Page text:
- Remembering the Shuttle, Forgetting the Loom: Interpreting the Challenger Disaster
As in a play, the nation rises again Reborn of grief and ready to seek the stars; Remembering the shuttle, forgetting the loom.Howard Nemerov On an Occasion of National Mourning
In 1993, in the wake of the World Trade Center bombing, a made-for-TV American movie called Lifepod depicted brutal, claustrophobic conditions in a small space craft, containing a handful of survivors from the terrorist bombing of a much larger space transport. Looking very much like the ocean liner from one of the first large-scale disaster films, The Poseidon Adventure (1972), the large space transport holds not enough “lifepods” for its passengers, and the one vessel that does escape is in bad repair and not sufficiently stocked with food or water. Furthermore, its design is inadequate for space navigation, and its pilot, trapped in a small chamber without solar shields, dies a slow and gruesomely pustulous death from radiation bombardment. The rest of the survivors fight with each other and their depleted technological surroundings until only two remain to be saved.
Blaming the survivors’ harsh conditions on a vaguely belligerent, self-serving, and inefficient governmental authority, Lifepod contains a lesson about preparedness, with imagistic references to the Cold War’s abandoned fallout shelters and the exploding Challenger space shuttle, which carried no escape vehicles. Lifepod depicts a hostile technosystem that controls air, food, and water, as the survivors pant, sweat, bleed, freeze and starve, at the mercy of their drifting enclosure. While this psychologically tense, physically urgent, claustrophobic existence throws body-technology relationships into sharp relief, the film argues that preparedness—the prediction of all exigencies under any conditions—is possible and necessary. Unlike the negligent lifepod, a well-designed, well-stocked escape vehicle would maintain technological transparency—that is, its inhabitants would take its smooth functioning for granted, and the border between body and machine would be translucent, the oar an extension of the arm. Evoking crisis in post-industrial cultures, cybernetic relations would be stabilized in the ideal lifepod.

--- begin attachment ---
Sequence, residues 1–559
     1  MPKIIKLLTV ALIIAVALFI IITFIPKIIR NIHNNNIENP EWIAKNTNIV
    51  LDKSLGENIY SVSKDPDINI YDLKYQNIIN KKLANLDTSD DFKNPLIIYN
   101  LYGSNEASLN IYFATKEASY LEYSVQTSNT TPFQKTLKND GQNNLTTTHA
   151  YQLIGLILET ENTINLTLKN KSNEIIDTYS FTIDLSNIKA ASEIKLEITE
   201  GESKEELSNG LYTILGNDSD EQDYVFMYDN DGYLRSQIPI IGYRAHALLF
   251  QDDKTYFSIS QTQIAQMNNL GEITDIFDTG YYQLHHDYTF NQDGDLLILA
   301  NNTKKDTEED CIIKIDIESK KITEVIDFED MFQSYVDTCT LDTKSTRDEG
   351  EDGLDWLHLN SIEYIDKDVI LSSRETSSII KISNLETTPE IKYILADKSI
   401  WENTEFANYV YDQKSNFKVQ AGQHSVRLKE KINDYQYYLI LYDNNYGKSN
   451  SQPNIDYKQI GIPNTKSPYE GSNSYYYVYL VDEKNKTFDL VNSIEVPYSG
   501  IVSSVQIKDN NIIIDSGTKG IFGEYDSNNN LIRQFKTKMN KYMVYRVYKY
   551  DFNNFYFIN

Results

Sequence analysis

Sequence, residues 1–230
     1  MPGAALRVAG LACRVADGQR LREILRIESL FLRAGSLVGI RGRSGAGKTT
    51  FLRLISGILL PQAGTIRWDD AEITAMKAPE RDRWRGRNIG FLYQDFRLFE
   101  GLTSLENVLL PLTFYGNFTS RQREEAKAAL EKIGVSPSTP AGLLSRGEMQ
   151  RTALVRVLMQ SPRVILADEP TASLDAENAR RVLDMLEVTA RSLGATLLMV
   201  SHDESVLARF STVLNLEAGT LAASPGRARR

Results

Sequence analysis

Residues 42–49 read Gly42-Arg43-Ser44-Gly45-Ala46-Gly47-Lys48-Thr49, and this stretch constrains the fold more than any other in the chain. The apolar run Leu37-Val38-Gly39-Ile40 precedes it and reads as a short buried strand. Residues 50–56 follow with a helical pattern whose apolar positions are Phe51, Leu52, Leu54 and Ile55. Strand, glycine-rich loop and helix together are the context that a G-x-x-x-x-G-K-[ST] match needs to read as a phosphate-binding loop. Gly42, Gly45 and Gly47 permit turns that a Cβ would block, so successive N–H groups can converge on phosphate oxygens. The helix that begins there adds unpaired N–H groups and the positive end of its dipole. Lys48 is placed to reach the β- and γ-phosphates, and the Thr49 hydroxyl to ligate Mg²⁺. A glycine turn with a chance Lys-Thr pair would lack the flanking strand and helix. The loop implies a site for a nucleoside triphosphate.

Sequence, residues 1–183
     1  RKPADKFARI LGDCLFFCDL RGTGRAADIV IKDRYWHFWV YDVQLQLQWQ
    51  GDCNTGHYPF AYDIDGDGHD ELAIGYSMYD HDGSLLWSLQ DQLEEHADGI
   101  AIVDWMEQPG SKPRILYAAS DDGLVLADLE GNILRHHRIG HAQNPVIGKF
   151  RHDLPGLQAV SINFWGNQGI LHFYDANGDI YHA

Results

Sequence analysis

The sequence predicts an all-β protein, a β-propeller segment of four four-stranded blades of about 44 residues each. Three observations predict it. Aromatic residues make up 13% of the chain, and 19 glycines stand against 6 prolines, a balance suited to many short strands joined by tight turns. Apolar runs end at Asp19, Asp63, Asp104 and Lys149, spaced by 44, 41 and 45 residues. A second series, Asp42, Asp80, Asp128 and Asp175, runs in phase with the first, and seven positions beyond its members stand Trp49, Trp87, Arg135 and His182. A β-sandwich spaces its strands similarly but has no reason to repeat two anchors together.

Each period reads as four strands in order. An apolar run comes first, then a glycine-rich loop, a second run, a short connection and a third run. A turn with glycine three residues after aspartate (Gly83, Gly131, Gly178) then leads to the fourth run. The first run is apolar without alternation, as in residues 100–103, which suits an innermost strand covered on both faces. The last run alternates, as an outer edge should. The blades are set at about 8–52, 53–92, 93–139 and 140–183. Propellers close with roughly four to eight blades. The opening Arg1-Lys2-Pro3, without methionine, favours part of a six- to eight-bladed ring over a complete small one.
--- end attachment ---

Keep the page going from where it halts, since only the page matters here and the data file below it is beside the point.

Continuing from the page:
A symbol of preparedness and accurate prediction, the lifeboat is both a physical and psychological escape from technocultural terrors and, more ambiguously, a condensed version of that same technoculture. In a radioactive, terrorist, and generally chaotic world, one can only plan a move to a smaller, safer box—ideally the enclosed world of the harmoniously functioning and disaster-resistent spaceship. While enthusiasts herald the spaceship as a lifeboat, a way of escaping a doomed planet and sowing the seeds of homo sapiens across the universe, the Challenger space shuttle explosion on 28 January 1986, demonstrated that increasingly scaled-down lifeworlds are not especially life-sustaining. Like the unfortunate inhabitants of the negligent lifepod, the Challenger seven lived to experience a gruesome drift, the long descending spiral to the ocean where pressure crushed the crew cabin. Later, critics of NASA would ask why there were no lifeboats on the shuttle, no means of escaping a relatively untested, inevitably disastrous technology, comprised of over 700 critical components, any one of which might cause a fatal accident. One of the lessons of the Challenger disaster was that in complex closed environments, catastrophe is inescapable and its victims—even friendly school teachers—have no viable means of ejection. This televised spectacle of claustrophobia and futility riveted millions, who helplessly viewed the exploding microcosm of post-industrial life. Gregory Whitehead writes that the media’s construction of the Challenger disaster was a “thanaturgical excess of fire & fire & light,” a Futurist’s necrodrama provoking dread and shock.1
The 1980’s witnessed an unprecedented number of such media-fed disasters—core breeches in nuclear reactors, sinking ships, oil spills, chemical leaks. With a nearly continuous spectacle of large-scale technological calamity—the Bhopal Union Carbide Plant’s emission of methyl isocyanate (December 1984), the Challenger Space Shuttle explosion (January 1986), the Chernobyl nuclear reactor core explosion (April 1986), the Exxon Valdez oil spill (March 1989)—the mass media declared the 1980’s, the “age of limits.” As Charles Perrow wrote in the wake of the Challenger disaster, the culture of high-risk technologies had made a “habit of courting...